We are wrapping up our utopia unit and I was thinking of Ray Bradbury’s “Fahrenheit 451”, which I used to teach but gave up in favor of Lois Lowry’s “The Giver”. I think I’m going back, which is another story (I encourage anyone who is teaching dystopia to take a look at the old Bradbury text, as it seems more relevant than ever, what with social media and flat screen televisions and all).
Re-reading Bradbury, I remembered an interview he gave a few years ago where he mentioned how “The Martian Chronicles” was the story of immigrants and conquest. I thought it was a sci-fi story of no real politic, as I have only vague memories of it being a big deal when I was in seventh grade and it was made into a mini-series that created some buzz (I didn’t like genre fiction in junior high, and science fiction seemed geeky, even as I thought 24/7 about Star Wars; movies were different). Going to my local library, I found a copy salvaged from a classroom set that had a spine that cracked when I opened it. Having read “Fahrenheit 451” and “Something Wicked This Way Comes” I found “Martian Chronicles” quite different–an odd mix of humor and fantasy and truth.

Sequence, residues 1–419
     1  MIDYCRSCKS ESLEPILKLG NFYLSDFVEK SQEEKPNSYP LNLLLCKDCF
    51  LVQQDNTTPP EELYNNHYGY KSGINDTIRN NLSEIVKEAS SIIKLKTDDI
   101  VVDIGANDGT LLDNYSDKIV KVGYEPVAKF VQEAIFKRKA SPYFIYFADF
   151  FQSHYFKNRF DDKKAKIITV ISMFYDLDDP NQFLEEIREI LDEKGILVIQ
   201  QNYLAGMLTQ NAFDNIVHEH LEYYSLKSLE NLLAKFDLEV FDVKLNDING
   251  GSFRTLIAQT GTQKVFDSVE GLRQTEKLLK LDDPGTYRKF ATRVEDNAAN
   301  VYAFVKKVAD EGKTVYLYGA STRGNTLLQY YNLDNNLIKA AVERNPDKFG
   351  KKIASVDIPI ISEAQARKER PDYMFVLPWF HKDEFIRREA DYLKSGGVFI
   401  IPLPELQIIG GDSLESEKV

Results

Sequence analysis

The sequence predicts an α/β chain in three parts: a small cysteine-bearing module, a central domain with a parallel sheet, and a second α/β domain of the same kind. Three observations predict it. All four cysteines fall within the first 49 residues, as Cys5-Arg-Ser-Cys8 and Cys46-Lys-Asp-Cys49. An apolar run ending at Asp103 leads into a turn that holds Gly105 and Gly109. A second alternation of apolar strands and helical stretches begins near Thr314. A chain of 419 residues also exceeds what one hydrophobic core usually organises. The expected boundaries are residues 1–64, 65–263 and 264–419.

Long story short, one character recites this Byron poem. I like it. Here it is. It’s a good, basic lyrical poem that students can argue of what the heck it means. Have fun.
We’ll go no more a-roving
George Gordon Byron, Lord Byron
SO, we’ll go no more a-roving
So late into the night,
Though the heart be still as loving,
And the moon be still as bright.
For the sword outwears its sheath,
And the soul wears out the breast,
And the heart must pause to breathe,
And love itself have rest.
Though the night was made for loving,
And the day returns too soon,
Yet we’ll go no more a-roving
By the light of the moon.